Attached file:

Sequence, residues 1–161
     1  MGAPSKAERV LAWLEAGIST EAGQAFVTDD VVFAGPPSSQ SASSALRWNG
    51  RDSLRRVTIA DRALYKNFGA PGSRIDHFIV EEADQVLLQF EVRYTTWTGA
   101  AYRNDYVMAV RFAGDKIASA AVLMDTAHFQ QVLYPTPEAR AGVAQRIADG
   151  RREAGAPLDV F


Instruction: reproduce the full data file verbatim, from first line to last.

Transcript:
Sequence, residues 1–161
     1  MGAPSKAERV LAWLEAGIST EAGQAFVTDD VVFAGPPSSQ SASSALRWNG
    51  RDSLRRVTIA DRALYKNFGA PGSRIDHFIV EEADQVLLQF EVRYTTWTGA
   101  AYRNDYVMAV RFAGDKIASA AVLMDTAHFQ QVLYPTPEAR AGVAQRIADG
   151  RREAGAPLDV F